In his exposition on the verse in Bereshit 12:6 in the Torah, Nachmanides explains, based on our Sages’ comment in Tanchuma 9, that what transpires with regard to our forefathers is meant to be a guide to us — their offspring. Consequently, the Torah describes our forefathers’ happenings, comings and goings, actions and decisions at great length; and it is incumbent upon us to scrutinize the actions and anecdotes of our forefathers in order to learn from them.
In relation to our forefathers, the famous Torah giant R. Moshe Sofer, known as the Chatam Sofer (1762 – 1806), notes a passage in the Babylonian Talmud, Bava Batra 17a that informs us that four people lived their whole lives without performing any wrongful deed that would entail punishment of any sort, and the only reason that these individuals ever died was because G–d so decreed it on humanity in general when Adam and Eve sinned. These individuals are Benjamin the son of Jacob, Amram the father of Moses, Yishai the father of David and Kilav the son of David. Why, the Chatam Sofer asks, is barely anything mentioned in our holy works concerning these flawless individuals while so much is mentioned about Abraham, Isaac, Jacob, Joseph, Moses and David? Why are these individuals, who never even once sinned, not treated as our forefathers from whose actions we should learn?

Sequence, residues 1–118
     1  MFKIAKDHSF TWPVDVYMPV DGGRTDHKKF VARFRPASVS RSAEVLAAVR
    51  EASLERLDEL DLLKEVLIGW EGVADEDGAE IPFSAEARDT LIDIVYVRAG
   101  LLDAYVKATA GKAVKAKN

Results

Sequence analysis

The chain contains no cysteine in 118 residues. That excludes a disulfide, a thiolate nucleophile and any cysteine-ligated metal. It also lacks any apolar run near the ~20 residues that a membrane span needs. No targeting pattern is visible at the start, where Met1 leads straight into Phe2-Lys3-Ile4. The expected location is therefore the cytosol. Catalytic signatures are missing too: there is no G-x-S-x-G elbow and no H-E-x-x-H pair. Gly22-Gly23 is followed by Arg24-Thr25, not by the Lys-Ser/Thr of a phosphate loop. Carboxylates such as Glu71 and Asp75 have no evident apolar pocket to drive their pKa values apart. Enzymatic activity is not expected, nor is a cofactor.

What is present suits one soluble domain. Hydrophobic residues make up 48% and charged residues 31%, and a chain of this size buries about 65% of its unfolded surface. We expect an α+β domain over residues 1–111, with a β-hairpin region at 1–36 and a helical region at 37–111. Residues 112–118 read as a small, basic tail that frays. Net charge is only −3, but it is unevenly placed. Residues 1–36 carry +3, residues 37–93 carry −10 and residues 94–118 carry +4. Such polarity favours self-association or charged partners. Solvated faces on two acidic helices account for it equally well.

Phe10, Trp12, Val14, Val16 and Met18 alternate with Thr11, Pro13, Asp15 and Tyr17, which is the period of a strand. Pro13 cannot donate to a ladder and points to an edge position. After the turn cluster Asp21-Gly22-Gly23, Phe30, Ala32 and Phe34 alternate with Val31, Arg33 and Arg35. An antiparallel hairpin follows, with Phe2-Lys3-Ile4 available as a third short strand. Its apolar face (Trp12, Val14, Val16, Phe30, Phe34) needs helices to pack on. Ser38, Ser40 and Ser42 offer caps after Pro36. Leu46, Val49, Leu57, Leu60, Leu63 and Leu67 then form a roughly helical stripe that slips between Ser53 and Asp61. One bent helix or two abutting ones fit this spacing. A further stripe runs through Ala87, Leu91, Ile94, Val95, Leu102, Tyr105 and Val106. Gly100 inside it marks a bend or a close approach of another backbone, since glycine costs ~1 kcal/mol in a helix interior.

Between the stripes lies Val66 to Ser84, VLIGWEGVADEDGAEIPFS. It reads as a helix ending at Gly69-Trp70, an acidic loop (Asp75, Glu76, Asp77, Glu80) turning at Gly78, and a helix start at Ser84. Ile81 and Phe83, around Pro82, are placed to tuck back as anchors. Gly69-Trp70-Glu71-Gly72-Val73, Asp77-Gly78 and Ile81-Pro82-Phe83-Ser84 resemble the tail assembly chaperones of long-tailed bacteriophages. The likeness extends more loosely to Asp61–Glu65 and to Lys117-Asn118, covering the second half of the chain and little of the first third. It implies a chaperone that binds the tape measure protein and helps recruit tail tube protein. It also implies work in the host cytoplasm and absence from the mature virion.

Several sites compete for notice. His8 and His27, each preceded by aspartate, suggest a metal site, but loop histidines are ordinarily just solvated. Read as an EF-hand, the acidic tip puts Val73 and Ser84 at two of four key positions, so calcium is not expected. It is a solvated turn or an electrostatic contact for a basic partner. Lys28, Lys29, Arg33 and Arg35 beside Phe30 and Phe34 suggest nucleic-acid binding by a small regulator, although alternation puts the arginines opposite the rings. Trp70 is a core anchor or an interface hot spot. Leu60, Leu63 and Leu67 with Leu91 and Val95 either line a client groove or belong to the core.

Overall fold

The Chatam Sofer points out that none of the aforementioned individuals had any real confrontation with humanity at large nor did they do anything to reach out to humanity. While their remaining sinless and most pious is commendable and laudable, it does not serve as a paradigm of behavior for us. Their behavior is not one to rank them amongst our forefathers. To keep to oneself, do all that is readily palpable and obvious and remain pious is a lot simpler than making the extra effort and exhibiting the sensitivity to reach out to one’s fellow, which bring with it constant challenges and hurdles that need to be overcome. It is consequently our forefathers Abraham, Isaac and Jacob, as well as Joseph, Moses and David, who, in the process of “going the extra mile” and reaching out to their fellow, slipped up ever so slightly during their rich lives, whom much is written about. It is these who, by combining immense piety with piercing sensitivity and enormous efforts towards their fellow, should be our models of behavior. By making an extra effort and striving towards a greater measure of caring, we may be prone to more mistakes, but only by doing so can we approach the greatness that our forefathers exemplified and which G–d wants us to aspire to.